Council tables environmental review for Humane Society project

Published Feb 15, 2018 at 4:00pm

The Common Council tabled legislation Wednesday that would declare no significant environmental impacts for putting a new Humane Society of Rome headquarters on Rome-New London Road next to the Erie Canal Village near the Fort Bull site.

The Society is proposing to build a 13,000 square foot facility at the north end of the Village’s parking lot on Rome-New London Road, on land owned by the city. There would be an asphalt parking area and a storm water management system.

The legislation provoked comments from several members of the public during the meeting.

Bobbie O’Brien of Martin Drive noted her disappointment with the decision and said she hopes the Society keeps its promise regarding the building’s aesthetics. She also pointed out several instances in the environmental review application where there were sections left blank.

Arthur Simmons of Francis Street, former executive director of the Rome Historical Society, said he disagreed with the legislation stating there would be no “large or important impacts” by the project. He noted that the review states the use is not allowed in the zone and that no zone change has been proposed. He also noted some blanks left in the application regarding historic information, and added that it is common knowledge to parties involved in the project that the nearby Fort Bull site will be nominated later this year for historic recognition status.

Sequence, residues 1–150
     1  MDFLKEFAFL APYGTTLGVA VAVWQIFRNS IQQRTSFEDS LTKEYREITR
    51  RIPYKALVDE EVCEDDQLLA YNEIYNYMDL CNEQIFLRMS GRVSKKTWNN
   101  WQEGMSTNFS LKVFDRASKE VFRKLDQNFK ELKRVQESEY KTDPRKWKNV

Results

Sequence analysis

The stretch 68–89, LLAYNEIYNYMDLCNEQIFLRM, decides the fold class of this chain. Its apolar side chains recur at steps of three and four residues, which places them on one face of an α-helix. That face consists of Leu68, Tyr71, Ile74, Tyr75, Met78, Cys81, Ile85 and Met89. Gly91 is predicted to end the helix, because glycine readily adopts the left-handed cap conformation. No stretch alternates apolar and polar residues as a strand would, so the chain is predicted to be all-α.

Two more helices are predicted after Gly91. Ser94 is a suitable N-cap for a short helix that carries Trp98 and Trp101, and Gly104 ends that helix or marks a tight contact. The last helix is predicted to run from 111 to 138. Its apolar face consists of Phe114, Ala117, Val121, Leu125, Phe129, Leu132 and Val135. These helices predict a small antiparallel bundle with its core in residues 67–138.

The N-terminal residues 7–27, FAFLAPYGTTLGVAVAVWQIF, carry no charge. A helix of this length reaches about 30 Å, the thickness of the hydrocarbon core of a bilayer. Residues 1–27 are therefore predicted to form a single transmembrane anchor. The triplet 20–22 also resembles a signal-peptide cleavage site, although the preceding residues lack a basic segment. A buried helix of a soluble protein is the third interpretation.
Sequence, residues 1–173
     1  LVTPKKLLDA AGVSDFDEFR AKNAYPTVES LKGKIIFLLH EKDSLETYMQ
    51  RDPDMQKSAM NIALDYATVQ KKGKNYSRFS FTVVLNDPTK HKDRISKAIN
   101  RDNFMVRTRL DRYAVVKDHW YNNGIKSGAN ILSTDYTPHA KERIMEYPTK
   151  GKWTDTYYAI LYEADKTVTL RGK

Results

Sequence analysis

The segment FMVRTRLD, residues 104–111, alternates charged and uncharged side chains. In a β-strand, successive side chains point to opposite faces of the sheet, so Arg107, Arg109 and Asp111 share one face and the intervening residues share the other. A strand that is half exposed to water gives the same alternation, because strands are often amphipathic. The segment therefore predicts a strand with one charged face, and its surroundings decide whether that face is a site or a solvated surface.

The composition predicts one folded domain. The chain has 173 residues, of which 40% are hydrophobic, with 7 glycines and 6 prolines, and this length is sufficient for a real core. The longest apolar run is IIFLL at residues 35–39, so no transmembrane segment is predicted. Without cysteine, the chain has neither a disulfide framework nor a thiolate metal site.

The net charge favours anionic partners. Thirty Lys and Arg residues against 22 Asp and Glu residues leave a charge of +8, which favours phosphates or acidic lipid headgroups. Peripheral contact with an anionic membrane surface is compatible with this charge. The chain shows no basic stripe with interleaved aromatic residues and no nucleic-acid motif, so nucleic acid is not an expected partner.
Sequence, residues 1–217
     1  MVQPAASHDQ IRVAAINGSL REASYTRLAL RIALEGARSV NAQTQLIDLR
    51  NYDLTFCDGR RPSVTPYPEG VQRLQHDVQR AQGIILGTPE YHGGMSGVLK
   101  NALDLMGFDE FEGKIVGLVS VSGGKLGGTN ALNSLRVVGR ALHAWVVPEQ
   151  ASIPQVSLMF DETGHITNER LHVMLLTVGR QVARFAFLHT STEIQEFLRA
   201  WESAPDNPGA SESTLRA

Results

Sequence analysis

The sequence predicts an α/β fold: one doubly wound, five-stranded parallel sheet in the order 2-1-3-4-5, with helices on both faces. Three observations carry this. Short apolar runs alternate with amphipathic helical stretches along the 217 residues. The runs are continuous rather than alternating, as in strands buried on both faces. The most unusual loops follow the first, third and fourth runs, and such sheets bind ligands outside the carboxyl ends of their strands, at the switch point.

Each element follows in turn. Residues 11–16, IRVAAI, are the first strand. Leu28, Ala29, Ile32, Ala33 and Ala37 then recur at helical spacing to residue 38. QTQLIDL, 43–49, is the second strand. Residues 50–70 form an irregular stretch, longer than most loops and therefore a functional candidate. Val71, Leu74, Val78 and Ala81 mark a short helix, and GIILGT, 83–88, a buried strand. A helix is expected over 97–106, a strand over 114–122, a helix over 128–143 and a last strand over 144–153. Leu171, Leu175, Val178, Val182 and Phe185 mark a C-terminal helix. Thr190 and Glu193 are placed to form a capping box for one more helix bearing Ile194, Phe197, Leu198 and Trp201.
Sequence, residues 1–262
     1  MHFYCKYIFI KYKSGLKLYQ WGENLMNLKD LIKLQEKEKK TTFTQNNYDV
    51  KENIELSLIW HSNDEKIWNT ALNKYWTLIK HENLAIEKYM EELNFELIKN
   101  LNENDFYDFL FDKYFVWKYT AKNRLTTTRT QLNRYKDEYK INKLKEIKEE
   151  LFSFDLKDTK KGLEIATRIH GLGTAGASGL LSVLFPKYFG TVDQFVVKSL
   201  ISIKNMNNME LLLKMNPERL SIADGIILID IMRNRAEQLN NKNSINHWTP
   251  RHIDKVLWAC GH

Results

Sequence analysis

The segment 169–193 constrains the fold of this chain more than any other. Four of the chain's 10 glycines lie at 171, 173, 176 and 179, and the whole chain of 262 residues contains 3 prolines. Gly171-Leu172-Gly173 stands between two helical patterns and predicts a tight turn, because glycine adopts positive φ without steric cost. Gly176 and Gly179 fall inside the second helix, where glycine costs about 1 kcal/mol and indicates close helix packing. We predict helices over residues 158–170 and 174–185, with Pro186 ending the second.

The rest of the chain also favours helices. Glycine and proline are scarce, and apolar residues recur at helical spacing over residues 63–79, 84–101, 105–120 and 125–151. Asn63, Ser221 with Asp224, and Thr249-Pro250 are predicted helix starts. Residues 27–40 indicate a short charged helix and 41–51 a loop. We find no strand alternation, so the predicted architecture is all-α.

Councilor Kimberly A. Rogers, R-3, who represents the area, noted that all relevant government agencies were contacted about the review and none raised objections. She did vote all with her six colleagues to table the matter however.

Councilor Ramona L. Smith, D-4, joined Rogers in voicing concerns over blanks in the review. “I was also troubled by some of the blanks on the application,” added Councilor A. Robert Tracy, R-7.

Matt Andrews, deputy director of the Department of Community and Economic Development, said some blanks were the responsibility of the Humane Society. Others, he said, were left that way to be filled in after any discussions by the council, which is the lead agency for the environmental review.

The council did vote unanimously to approve the other environmental review on the agenda, for the Waterfront Village infrastructure project near the Erie Canal between the James and Mill Street bridges. The city issued a declaration that there would be no significant environmental impacts related to the project.

Waterfront Village is paired with the proposed housing complex at the site of the former DeWitt Clinton school on Ann Street, and extends to the canal’s waterfront between the bridges. The site covers 15.28 acres south of downtown with frontage along the canal and Mohawk River. It’s about 3,300 feet between the bridges.